Indefinite Surveillance: Say Hello to the National Defense Authorization Act of 2014

Friday, June 21, 2013
By Paul Martin

By Stephen Benavides
Global Research
June 20, 2013

Passed in 1978, the Foreign Intelligence Surveillance Act (FISA) set the groundwork for surveillance, collection, and analysis of intelligence gathered from foreign powers and agents of foreign powers, up to and including any individual residing within the U.S., who were suspected of involvement in potential terrorist activity. On October 26, 2001, a little over a month after 9/11, President George W. Bush signed the USA Patriot Act into law. Two provisions, Sec. 206, permitting government to obtain secret court orders allowing roving wiretaps without requiring identification of the person, organization, or facility to be surveyed, and Sec. 215 authorizing government to access and obtain “any tangible thing” relevant to a terrorist investigation, transformed foreign intelligence into domestic intelligence.

NDAA 2014 builds on the powers granted by both the Patriot Act and FISA by allowing unrestricted analysis and research of captured records pertaining to any organization or individual “now or once hostile to the United States”. Under the Patriot Act, the ability to obtain “any tangible thing” eliminated any expectation of privacy. Under NDAA 2014 Sec. 1061(g)(1), an overly vague definition of captured records enhances government power and guarantees indefinite surveillance.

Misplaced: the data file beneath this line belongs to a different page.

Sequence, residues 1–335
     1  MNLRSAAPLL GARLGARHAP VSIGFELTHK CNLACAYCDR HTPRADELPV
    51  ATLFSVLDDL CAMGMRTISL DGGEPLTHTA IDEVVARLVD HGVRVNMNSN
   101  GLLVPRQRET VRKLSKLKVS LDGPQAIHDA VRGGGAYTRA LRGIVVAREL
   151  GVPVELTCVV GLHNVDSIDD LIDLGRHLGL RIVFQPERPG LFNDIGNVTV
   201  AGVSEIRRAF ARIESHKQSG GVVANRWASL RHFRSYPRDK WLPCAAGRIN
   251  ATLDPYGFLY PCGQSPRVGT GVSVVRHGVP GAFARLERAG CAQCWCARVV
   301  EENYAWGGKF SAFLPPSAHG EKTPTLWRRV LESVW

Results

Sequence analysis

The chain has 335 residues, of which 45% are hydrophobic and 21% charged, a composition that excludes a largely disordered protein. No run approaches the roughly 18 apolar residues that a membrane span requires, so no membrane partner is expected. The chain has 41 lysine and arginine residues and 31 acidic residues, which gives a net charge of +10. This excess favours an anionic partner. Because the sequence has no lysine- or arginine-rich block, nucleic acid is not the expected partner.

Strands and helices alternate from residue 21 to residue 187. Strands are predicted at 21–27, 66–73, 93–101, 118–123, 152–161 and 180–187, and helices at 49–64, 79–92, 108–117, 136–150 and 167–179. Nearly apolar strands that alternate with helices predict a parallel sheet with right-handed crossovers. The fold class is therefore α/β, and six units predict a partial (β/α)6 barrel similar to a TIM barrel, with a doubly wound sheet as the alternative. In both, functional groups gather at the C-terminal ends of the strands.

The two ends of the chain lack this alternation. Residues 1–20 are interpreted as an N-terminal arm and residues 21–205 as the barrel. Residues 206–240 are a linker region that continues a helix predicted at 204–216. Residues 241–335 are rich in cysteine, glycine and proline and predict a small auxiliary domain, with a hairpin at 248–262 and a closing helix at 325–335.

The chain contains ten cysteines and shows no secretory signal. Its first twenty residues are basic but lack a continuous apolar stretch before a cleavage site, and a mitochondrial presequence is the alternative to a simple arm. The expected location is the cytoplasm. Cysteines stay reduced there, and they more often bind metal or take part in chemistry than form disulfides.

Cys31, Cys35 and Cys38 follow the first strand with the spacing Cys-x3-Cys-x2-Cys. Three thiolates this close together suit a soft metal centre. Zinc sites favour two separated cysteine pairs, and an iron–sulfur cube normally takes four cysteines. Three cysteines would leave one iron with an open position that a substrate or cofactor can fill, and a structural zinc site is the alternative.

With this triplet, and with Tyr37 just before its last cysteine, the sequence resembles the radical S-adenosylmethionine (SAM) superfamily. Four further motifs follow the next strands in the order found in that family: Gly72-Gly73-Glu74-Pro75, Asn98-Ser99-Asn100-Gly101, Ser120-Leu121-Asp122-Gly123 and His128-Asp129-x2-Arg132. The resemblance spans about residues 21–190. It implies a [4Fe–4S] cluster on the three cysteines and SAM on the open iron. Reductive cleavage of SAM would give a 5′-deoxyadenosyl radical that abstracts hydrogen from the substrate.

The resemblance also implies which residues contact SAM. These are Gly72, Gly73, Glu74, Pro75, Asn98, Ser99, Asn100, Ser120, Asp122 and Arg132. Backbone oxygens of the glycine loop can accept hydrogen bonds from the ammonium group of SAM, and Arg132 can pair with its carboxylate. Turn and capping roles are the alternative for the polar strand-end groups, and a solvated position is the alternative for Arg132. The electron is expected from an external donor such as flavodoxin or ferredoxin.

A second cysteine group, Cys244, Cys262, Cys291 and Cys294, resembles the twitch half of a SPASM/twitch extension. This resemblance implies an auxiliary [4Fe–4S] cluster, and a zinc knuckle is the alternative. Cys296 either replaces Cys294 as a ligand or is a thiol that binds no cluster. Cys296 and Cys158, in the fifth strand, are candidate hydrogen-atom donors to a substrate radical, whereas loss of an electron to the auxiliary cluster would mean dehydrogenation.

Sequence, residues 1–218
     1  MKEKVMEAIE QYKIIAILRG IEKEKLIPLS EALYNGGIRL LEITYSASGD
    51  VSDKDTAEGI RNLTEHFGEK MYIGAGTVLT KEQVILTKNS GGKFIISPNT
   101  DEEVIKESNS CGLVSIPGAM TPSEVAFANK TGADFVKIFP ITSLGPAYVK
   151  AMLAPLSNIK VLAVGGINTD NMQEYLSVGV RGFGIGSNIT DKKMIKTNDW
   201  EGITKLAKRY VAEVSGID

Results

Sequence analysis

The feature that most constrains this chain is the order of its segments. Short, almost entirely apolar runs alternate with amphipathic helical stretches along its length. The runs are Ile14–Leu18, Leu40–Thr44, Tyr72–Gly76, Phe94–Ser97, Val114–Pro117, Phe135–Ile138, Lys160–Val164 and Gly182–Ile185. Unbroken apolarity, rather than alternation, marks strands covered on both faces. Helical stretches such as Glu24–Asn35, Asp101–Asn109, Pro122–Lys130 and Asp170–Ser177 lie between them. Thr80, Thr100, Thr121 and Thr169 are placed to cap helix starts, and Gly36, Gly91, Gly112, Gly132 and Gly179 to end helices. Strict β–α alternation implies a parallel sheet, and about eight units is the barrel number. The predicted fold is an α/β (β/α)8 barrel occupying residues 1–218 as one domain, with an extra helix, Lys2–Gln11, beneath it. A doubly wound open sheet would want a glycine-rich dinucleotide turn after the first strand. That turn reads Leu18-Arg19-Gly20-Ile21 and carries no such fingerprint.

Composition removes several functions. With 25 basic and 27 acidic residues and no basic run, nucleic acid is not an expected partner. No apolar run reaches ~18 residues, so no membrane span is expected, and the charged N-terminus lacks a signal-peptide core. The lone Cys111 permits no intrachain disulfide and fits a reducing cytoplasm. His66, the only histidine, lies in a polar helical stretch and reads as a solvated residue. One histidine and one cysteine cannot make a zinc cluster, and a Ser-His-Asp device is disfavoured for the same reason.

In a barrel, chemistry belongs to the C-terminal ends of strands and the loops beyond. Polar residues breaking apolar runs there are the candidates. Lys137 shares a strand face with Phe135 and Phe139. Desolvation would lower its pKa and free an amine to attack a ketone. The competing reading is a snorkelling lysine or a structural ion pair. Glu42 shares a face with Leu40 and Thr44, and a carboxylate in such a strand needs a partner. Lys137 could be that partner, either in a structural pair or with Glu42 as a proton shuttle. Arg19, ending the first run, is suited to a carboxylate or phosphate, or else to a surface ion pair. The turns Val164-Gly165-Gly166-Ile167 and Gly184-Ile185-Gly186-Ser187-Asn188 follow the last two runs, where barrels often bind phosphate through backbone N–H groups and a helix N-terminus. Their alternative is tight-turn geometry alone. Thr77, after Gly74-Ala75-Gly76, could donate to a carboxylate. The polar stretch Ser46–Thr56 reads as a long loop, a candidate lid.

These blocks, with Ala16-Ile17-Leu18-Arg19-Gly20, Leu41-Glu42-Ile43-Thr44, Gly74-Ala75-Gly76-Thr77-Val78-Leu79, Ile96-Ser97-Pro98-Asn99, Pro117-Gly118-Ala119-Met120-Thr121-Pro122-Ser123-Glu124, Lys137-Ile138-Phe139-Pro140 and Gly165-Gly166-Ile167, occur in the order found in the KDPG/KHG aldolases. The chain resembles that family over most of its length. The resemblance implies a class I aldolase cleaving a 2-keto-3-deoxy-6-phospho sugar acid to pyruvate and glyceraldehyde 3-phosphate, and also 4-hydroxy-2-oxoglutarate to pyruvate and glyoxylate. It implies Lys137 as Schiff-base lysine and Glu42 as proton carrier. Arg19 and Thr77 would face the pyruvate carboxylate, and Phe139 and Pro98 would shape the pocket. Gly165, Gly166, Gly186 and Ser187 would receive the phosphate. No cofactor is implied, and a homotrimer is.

On May 22, 2013 the Subcommittee on Intelligence, Emerging Threats and Capabilities, one of several Armed Services Committees, met to discuss the National Defense Authorization Act(NDAA) for Fiscal Year 2014. The main subject of the hearing was Sec. 1061, otherwise known as Enhancement of Capacity of the United States Government to Analyze Captured Records. This enhancement provision of NDAA 2014 would effectively create a new intelligence agency, one with the authority to analyze information gained under the Patriot Act, FISA, and known spying programs such as PRISM.

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